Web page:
Compassion meditation youtube,slim 4 life weight loss program,what is the goal of my life,papasan chair for meditation - Videos Download

admin | starting exercise program | 01.12.2014
This popular meditation, often called "Karu?a" in Buddhist circles is all about opening up the heart and mind to be more compassionate to ourselves and others.
It is a harder skill to develop than goodwill meditation as some emotions seem like compassion but will cause us more harm than good. Ideally practice Loving kindness before practicing compassion as it can help develop the mind to this meditation, like good rich soil develops beautiful flowers and better crops. True compassion is most often spontaneous, but more frequently independent as it can exist without any background or support emotion or idea apart from itself and empathy. Give some time being aware of the mind and body, relaxing any muscle or mental tension that arises. Wish them freedom of their sorrow or stress and recovery to a happier, healthier and more successful present & future. You can use words if you wish, such as "May their health improve soon" or "May they have success and happiness at school" if it helps to develop compassion. If you feel resentment or sorrow, or if compassion does not arise let go of these feelings and judgments. You may focus on just one case for the entire time you give to the meditation, or many depending on your level of practice.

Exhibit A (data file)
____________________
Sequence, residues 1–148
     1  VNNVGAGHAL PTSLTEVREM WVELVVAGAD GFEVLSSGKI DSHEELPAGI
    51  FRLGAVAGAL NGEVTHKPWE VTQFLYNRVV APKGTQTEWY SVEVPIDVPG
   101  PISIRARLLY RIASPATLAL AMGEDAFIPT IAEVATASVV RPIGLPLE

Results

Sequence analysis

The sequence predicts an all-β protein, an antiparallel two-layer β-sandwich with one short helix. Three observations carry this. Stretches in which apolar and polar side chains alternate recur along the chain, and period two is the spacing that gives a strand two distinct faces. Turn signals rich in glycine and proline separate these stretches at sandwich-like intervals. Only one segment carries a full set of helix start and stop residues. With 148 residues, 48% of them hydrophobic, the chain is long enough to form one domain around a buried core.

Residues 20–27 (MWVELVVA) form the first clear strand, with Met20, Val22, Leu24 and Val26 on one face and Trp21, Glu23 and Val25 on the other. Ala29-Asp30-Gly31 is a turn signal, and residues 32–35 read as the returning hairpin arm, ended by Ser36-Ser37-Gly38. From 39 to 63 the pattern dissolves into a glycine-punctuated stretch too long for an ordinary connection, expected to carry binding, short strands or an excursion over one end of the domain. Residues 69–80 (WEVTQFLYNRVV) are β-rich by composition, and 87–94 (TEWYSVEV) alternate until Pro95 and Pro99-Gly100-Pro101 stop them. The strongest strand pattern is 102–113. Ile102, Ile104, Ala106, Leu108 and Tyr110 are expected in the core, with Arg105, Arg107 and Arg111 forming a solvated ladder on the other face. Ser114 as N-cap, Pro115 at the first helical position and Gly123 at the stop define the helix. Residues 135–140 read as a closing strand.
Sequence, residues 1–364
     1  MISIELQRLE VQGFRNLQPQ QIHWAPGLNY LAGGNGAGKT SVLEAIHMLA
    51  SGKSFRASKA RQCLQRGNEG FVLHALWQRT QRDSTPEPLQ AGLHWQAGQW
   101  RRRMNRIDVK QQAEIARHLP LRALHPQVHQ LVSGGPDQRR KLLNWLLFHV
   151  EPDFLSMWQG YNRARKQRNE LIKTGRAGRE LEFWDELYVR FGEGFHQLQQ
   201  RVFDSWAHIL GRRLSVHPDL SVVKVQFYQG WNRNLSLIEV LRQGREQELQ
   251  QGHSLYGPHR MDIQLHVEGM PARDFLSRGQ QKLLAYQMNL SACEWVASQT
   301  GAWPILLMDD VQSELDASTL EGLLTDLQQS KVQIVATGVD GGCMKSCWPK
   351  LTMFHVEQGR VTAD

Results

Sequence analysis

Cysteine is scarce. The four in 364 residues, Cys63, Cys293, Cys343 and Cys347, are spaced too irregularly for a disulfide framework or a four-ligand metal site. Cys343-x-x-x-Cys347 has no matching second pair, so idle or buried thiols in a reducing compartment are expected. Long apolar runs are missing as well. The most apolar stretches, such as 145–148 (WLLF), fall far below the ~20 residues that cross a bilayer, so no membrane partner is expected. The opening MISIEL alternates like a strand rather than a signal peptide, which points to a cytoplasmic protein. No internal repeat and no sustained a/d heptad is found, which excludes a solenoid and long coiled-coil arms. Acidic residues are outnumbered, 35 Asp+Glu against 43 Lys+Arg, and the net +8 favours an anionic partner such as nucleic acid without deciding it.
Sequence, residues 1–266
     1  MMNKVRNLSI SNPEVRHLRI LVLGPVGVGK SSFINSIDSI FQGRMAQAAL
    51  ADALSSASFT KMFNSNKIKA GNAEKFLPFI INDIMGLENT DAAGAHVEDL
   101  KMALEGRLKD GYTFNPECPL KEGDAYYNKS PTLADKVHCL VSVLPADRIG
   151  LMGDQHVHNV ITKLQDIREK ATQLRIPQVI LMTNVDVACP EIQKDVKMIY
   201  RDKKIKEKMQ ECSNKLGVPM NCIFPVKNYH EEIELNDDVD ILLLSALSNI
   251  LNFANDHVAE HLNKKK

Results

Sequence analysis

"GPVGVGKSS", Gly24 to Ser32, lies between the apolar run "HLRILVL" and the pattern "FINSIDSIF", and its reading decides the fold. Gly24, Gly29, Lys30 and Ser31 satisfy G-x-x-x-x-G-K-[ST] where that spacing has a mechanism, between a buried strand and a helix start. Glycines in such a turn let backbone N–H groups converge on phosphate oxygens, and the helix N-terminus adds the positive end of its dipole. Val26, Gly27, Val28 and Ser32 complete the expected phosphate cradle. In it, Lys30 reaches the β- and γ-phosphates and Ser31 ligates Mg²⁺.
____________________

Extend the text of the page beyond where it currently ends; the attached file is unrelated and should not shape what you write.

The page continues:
The idea that we are obliged, or that we must do something to help all people, because there really is so much unhappiness in the world.
Sometimes the practitioner downgrades the person experiencing troubles as a lessor person or not as wise or as good as the practitioner is, or even that the subject-person deserves what they got. The purpose of this practice is to not only build compassion but come to terms with realization that the individual or people who have caused harm will eventually meet the other end of their actions.
Christopher Germer, PhD, author of The Mindful Path to Self-Compassion; clinical psychologist specializing in the application of Buddhist psychology and meditation to alleviate difficult emotions in psychotherapy and everyday life.
We encounter numerous situations each day, through our own personal actions and thoughts, our interactions with our families and friends, and the way we relate to strangers. If we can practice compassion during times when other people are challenging our patience or testing us, ¬†we have the power to make a difference in both our own and someone else’s day. Compassion is also one of the four "divine homes", which are the 4 main emotions worth encouraging - goodwill or loving kindness, appreciation, equanimity and compassion.